Targeted syntactic evaluations of language models ask whether models show stable preferences for syntactically acceptable content over minimal-pair unacceptable inputs. Our best syntactic evaluation datasets, however, provide substantially less linguistic context than models receive during pretraining. This mismatch raises an important question: how robust are models’ syntactic judgements across different contexts? In this paper, we vary the input contexts based on: length, the types of syntactic phenomena it contains, and whether or not there are grammatical violations. We find that model judgements are generally robust when placed in randomly sampled linguistic contexts, but are unstable when contexts match the test stimuli in syntactic structure. Among all tested models (GPT-2 and five variants of OPT), we find that model performance is affected when we provided contexts with matching syntactic structure: performance significantly improves when contexts are acceptable, and it significantly declines when they are unacceptable. This effect is amplified by the length of the context, except for unrelated inputs. We show that these changes in model performance are not explainable by acceptability-preserving syntactic perturbations. This sensitivity to highly specific syntactic features of the context can only be explained by the models’ implicit in-context learning abilities.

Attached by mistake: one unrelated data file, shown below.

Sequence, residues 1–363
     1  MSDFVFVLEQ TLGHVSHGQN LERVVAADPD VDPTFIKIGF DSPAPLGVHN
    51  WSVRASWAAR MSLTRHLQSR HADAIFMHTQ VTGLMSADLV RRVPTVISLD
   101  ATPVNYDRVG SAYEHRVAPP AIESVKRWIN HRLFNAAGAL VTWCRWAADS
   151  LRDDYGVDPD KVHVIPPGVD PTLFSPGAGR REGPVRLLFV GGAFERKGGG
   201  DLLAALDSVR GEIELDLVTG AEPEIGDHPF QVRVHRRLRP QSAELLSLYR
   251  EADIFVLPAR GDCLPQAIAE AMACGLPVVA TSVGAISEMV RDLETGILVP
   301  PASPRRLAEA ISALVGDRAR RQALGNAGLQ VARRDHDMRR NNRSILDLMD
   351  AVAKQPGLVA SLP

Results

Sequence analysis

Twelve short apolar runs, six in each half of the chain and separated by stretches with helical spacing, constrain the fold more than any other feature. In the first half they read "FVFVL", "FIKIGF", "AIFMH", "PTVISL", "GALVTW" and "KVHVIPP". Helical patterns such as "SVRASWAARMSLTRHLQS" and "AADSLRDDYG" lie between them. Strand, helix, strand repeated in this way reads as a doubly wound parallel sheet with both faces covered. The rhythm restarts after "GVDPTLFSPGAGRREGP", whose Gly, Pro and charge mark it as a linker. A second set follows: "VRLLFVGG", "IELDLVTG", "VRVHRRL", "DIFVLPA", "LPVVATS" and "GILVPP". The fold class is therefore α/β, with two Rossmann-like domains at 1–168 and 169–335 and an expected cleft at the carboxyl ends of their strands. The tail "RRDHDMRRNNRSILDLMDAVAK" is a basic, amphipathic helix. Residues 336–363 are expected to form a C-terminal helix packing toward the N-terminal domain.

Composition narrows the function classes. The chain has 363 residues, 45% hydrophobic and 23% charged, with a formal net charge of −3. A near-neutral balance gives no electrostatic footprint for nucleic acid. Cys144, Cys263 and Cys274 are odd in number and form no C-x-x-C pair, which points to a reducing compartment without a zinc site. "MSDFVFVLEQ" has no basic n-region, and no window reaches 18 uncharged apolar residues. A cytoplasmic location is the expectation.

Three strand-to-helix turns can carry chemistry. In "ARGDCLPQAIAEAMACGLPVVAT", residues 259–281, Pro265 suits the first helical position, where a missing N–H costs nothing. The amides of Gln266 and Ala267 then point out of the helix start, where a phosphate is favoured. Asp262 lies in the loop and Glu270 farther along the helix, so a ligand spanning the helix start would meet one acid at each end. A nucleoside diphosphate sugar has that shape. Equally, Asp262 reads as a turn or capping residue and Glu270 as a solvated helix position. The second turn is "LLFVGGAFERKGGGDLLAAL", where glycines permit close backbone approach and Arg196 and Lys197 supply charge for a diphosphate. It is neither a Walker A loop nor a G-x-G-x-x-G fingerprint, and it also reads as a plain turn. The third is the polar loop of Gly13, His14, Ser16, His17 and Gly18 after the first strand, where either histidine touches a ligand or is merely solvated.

This paper was recognized as an outstanding paper at ACL 2023!